Living in a multicultural city and serving in a multicultural church has given me a wide view of some of the ways different generations of a family can relate to one another. As a young generation begins to pair up and to marry, forming new families, they need to learn to relate to the generation or generations that came before. This can take many different forms and I’ve long observed that the most significant determining factor is usually culture. We tend to conform to cultural expectations.
The God who created family is clear that marriage creates a new family unit, but also clear that biology matters and that the forming of a new unit does not entirely rupture the old one. God says “a man shall leave his father and his mother and hold fast to his wife,” but there are many different perspectives on what it looks like to leave parents and what it looks like to cleave to a spouse. Some cultures treat marriage as if it marks a total break with birth families, while others act as if marriage really makes no substantial difference at all. When cultures mix, we begin to see that much of what we’ve always regarded as normal may not be, that what we’ve always seen as good may actually be bad.
As I was pondering this and attempting to better understand God’s view of the matter, I looked outside to our little garden which Aileen tends so carefully and cultivates so well. I looked at the hostas with their many shapes of leaves in varied shades of green. I looked at the ferns towering above them, still lush and healthy before they inevitably fade under the coming heat of the summer sun. I looked at the bright red and yellow begonias, brilliant splashes of color contrasting beautifully with the dark soil beneath. Then my eyes fixed on the irises which opened for the first time today to display their magnificent purple flowers. And I thought, “I someday want my children to leave and cleave like a strawberry.” I’d better explain.
My generation of long-time Canadians, those of us who were raised by a fully Westernized baby boom generation, have largely inherited a view of forming new families that is kind of like a wildflower. Many wildflowers produce seeds that are blown by the wind, land somewhere near or far, put down roots, and grow up into a new plant that’s entirely independent of the old one. The boomer generation was fiercely independent and held to the “Freedom 55” mindset of getting work and child-raising out of the way early, before enjoying a long and leisurely retirement. Their children were raised to become independent early and to expect (and offer) little support later in life.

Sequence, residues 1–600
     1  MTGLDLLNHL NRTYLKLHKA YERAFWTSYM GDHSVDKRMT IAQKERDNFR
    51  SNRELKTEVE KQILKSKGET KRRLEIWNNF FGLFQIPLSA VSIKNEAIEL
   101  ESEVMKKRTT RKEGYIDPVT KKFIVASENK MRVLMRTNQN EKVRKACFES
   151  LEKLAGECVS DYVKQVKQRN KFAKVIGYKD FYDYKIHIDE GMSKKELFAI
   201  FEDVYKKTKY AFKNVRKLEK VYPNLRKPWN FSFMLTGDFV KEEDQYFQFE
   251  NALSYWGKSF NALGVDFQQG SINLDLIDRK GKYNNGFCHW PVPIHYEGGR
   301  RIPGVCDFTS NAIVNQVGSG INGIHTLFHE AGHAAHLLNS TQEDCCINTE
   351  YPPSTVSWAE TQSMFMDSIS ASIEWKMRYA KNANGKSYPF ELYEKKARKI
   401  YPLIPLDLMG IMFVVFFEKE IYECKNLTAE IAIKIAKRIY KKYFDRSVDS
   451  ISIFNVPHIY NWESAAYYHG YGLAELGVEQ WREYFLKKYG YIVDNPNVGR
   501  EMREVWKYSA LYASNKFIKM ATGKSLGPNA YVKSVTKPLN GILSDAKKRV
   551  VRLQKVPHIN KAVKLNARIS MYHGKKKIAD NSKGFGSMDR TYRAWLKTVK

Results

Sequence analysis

Many of the newer Canadians, those arriving from non-Western countries over the past couple of decades, see forming a new family as being kind of like irises. Irises propagate by division, so the parent plant divides and forms new rhizomes that are attached to the old. Since they are attached at the root, the new flowers and the flowers grow up side-by-side. In fact, a gardener must eventually split the rhizomes and spread them out to keep the plants healthy.
There are positives and negatives to both wildflower and iris families. Wildflower families appropriately emphasize the independence of a new husband and wife, but tend to make the break between generations too abrupt and too significant. They leave father and mother but fail to honor father and mother. Iris families emphasize relational closeness and mutually-supporting generations, but may also be suffocating and not allow new families an appropriate level of independence. They honor father and mother but fail to honor husband and wife. Wildflowers seem prone to over-emphasize the new relationship while placing too little emphasis on the old; iris families seem prone to over-emphasize the old family while placing too little emphasis on the new.
And this is where strawberries come in. Strawberries spread by putting down runners. They send out a shoot that extends for a little distance, then puts down roots, and grows up into its own plant. It remains connected to the parent, but is still its own plant and can still produce its own fruit.
And as I think of the families I’ve known where the generations function best, they function more like strawberries than irises or wildflowers. This is true whether they share a household or live in different countries, whether they are entirely financially independent or support one another. The issue is one of expectations and obligations, of parents setting their children free and children reciprocating their great debt of care. They appropriately emphasize the discontinuity between the old family and the new, but appropriately emphasize the obligation each generation owes the other. They are independent, but not too distant. They are connected, but not suffocating. They’ve got room to grow but also room to spread their leaves.